UPDATE: Community gathers to voice concerns over new pig farm
TIPTON – Some Tipton residents spoke out Wednesday against a potential new concentrated animal feeding operation (CAFO). Critics say CAFOs are a foul-smelling health hazard, but supporters contend those concerns are unfounded.
A CAFO is a farm where animals are raised in captivity to produce large numbers of offspring. Whenever a farm holds more than one thousand animals, it must go through the Missouri Department of Natural Resources to get a permit.
This particular CAFO would house roughly 7,000 pigs and the department says their manure would be spread in nearby fields as fertilizer.
Susan Hodges’ family has farmed in Cooper County since the early 1800s. She believes a farm’s job is to help provide for the community, rather than put it at risk.
“I’m not opposed to agriculture,” she said. “My husband and I are farmers. Our family has lived here since 1820 and have been caretakers with the land and the water. It's an opportunity for us, as citizens, to stand up and have our voices heard.”
Hodges said she believes such a large operation would be held to a different standard than local privately owned farms.
“We have kind of sold out to the almighty dollar,” Hodges said. “This is an important issue; people need to realize how it effects us at a community level.”
The CAFO would be built by Pipestone System, a company from Minnesota, on a 25-acre plot off Renshaw Dr. in Cooper County.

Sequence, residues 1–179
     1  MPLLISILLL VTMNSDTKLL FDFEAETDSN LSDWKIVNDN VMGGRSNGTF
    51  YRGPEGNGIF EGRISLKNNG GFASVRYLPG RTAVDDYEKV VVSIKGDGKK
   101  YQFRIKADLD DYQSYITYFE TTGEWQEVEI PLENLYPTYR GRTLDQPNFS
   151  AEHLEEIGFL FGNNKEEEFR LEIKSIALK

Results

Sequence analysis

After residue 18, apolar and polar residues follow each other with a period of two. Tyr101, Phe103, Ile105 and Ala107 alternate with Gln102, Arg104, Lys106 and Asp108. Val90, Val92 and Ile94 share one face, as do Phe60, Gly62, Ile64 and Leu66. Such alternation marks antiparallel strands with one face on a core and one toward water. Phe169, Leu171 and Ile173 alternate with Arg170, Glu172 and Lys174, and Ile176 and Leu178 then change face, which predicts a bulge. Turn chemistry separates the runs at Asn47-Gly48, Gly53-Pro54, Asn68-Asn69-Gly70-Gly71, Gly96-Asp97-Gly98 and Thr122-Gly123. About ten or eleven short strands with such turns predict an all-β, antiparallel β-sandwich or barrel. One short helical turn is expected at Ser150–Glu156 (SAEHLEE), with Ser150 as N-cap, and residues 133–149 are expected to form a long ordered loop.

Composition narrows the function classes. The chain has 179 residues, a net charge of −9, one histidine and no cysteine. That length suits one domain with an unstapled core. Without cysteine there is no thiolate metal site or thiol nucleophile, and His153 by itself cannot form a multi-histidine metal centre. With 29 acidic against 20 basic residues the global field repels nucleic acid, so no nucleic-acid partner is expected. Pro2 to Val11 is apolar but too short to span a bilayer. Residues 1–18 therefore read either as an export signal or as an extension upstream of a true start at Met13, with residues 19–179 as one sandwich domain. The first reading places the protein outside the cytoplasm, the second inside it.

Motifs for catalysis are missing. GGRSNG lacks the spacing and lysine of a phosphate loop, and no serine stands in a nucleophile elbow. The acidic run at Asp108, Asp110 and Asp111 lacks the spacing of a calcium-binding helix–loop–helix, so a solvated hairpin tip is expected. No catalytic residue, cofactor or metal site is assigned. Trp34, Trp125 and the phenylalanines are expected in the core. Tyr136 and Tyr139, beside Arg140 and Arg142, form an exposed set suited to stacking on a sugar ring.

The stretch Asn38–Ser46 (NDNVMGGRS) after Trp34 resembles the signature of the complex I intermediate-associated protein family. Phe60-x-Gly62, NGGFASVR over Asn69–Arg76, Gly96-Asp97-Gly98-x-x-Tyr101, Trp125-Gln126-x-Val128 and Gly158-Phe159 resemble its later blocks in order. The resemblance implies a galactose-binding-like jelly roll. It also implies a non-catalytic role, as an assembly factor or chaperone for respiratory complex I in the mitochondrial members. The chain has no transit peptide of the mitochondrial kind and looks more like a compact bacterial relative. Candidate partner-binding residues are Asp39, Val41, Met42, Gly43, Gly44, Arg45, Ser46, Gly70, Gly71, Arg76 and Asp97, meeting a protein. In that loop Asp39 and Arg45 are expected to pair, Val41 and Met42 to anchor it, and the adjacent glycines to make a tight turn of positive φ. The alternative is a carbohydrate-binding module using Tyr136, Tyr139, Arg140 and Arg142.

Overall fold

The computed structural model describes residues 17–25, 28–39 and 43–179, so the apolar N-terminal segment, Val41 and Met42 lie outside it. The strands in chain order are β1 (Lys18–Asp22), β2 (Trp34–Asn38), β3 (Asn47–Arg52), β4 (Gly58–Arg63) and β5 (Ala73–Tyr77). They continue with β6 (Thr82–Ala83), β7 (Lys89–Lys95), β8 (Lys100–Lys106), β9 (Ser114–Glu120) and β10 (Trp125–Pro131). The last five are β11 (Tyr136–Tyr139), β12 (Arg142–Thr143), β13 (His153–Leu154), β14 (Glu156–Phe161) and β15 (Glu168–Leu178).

Resident Fred Williams said the farm is expect to produce 8 million gallons of manure each year.
Gorden Wray, environmental specialist for the department of natural resources, said the proposed CAFO would have a minimal impact on its surrounding community.
“The manure will be used in such a way to minimize odor and any negative effects,” he said. “Each CAFO facility is held to the same standards as far as compliance with the department goes; we would never approve something that would cause the community harm.”
Williams said he has looked into CAFOs and is concerned with possible side effects.
“When you start doing your research you see a whole lot of research about the negative health impacts, the reverse of that if you try to do research showing the things that are positive or the research that shows there are no adverse health effects you can't find it,” Williams said.
Williams added he is not totally against CAFOs, he just wants companies to be conscious of where they go.
"We have to have common sense farming. We have to put things like this in areas that have few people or no people. We have 38 residents within a mile and a half of this,” Williams said.
The department of natural resources will now go into closed door sessions to discuss the proposed CAFO.